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  1. #1

    I want my Husband in the Delivery Room!

    Im preparing myself for labour and starting to plan things out. I want my husband in the delivery room and I shared this with him. Many were against especially my husband. But i really want to show him how I deliver our baby and to gain some support from him. My OB only allowed this if he will not faint since he's actually afraid of blood. Others said that I shouldn't do it and they have so many reasons. My husband agreed but his actions tells otherwise. Would it be good if i still forced my decision? Or is it good if I let my husband in during labour and delivery? They said it would be better if I choose my mum to come in rather than my husband but it's not my first baby.

  2. #2
    Dear Akima0523,

    Thank you for this interesting question.

    My main thought in all of this is that you, the birthing mother who is bringing your and your husband's baby into the world, should ultimately have the birthing partner in the room with you that you want. You say that 'many were against this' but I feel that this decision should really only be down to you and your husband. Birth is a sacred, beautiful and empowering time and it is not a time for other family members or friends to give their opinions as to who they would want to be the birthing partner.

    It sounds like you really want your husband to be there with you, alongside you. If he misses it then he will obviously never be able to turn the clock back and experience the arrival of your new baby into the world.

    Some couples, myself included, choose to have a doula present at the birth as well as the husband/ partner. A doula is an experienced women who offers practical and emotional support to the couple (or woman) during pregnancy, birth and with the new baby. A doula is not there to take on any of the clinical role (this is for the midwives or doctor) but helps to empower the woman to have the birth that she wants and can also help with calming techniques, relaxation breathing and hypnobirthing (the later of the is really just a very deep level of relaxation brought about by self-hypnosis).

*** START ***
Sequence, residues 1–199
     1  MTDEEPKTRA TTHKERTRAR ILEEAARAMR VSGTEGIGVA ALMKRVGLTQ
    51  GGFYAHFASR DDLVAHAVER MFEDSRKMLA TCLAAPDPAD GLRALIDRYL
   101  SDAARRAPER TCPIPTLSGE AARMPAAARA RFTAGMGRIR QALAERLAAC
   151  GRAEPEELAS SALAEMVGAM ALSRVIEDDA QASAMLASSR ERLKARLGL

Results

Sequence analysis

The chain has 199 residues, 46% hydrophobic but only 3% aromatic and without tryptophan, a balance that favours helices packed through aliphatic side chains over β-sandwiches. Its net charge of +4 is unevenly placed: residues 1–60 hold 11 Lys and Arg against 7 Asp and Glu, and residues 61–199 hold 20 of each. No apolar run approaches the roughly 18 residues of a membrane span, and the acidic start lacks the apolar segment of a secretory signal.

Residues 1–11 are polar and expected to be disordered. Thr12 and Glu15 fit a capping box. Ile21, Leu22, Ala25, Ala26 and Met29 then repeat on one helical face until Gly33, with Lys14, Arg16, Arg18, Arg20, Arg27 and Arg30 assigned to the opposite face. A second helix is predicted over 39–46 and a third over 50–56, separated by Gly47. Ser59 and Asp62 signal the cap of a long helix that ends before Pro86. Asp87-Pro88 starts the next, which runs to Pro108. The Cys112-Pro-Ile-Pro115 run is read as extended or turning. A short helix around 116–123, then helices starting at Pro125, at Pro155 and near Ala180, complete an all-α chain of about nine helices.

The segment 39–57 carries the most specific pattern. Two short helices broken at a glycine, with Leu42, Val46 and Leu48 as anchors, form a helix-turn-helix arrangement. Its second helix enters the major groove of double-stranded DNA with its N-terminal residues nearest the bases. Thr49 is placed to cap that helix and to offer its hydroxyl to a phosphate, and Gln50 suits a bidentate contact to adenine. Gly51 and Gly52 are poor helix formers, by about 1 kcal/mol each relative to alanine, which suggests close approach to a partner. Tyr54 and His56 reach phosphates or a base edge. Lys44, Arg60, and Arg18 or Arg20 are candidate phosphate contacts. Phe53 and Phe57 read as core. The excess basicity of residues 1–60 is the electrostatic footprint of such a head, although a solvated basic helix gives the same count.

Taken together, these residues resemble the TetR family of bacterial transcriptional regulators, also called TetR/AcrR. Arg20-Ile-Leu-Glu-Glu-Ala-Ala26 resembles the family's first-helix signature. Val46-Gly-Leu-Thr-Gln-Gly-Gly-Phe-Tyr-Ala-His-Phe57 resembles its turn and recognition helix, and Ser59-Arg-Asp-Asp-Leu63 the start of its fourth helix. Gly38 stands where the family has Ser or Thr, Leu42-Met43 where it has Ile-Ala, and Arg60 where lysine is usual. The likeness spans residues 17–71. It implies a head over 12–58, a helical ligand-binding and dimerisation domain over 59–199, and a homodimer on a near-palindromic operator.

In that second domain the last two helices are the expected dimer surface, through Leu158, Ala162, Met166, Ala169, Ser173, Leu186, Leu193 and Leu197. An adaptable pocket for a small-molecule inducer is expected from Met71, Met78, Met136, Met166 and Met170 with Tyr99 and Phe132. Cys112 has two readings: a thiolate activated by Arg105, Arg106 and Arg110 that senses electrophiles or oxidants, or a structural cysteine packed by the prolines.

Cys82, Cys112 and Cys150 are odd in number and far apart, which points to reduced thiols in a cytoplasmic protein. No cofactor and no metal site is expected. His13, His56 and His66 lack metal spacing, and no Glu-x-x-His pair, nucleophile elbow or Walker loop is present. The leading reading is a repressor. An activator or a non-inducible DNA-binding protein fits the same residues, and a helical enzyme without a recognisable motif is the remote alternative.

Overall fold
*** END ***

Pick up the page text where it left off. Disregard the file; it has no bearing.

In terms of any blood, your husband could stay near your head for the actual delivery. It certainly is not your doctor's place to deny your husband being present at the birth; you have a right to have who you want as a birth partner.

    Have you thought about having midwife-led care as a birth option? I ask this because research shows that midwife-led births are more likely to be quicker, smoother and result in less interventions. This then means breastfeeding is more likely to get established quicker and mum and baby also make a quicker recovery from the birth. Is there a medical reason why you need a birth led by a doctor?

    Another point to consider is that whoever you choose to have as your birth partner needs to be calm during the birth and follow your wishes. Michael Odent wrote this contraversal article about fathers being present at birth and some of the possible disadvantages of this. Whilst I disagree with the thrust of this article, I do agree that if a dad is present at the birth then they need to follow the woman's lead and not hinder the birth. This may mean sitting for hours in silence or providing light touch massage or helping the birthing woman to keep cool. Anthony Wilson in his article A Father's Point of View expresses an opposing opinion to Odent when he writes: 'Any man who has not seen his wife give birth has an incomplete view of what it means to be a mother. He underappreciates mother-hood.'

    You sound like you want your husband to be there; so I think he should be there. You can have extra support (through a doula or good childbirth education courses). Talk more to your husband about your wishes for the birth and how you would like him to support you at this time.

    I'd love to hear what you think about all this now.

    Thinking of you.

    Warm wishes,
    LJ
    Last edited by ljmarsden; 22nd October 2013 at 07:21 AM.

  3. #3
    I feel relieved reading your response and suggestion. I would consider about the doula but its my third time giving birth. I only wanted for my husband to be there in time of delivery. I greatly appreciated your response and now i am resolved and would like to talk to my husband again so that i could explain more base on your message. I am much more confident now. Thanks LJ

  4. #4
    That is really good to hear Akima.

    Please could I ask who was present at your previous births? Would you want someone else to support you through the first stage of labour (i.e. before the pushing stage)? Were your two previous births positive experiences?

    Warm wishes,
    LJ

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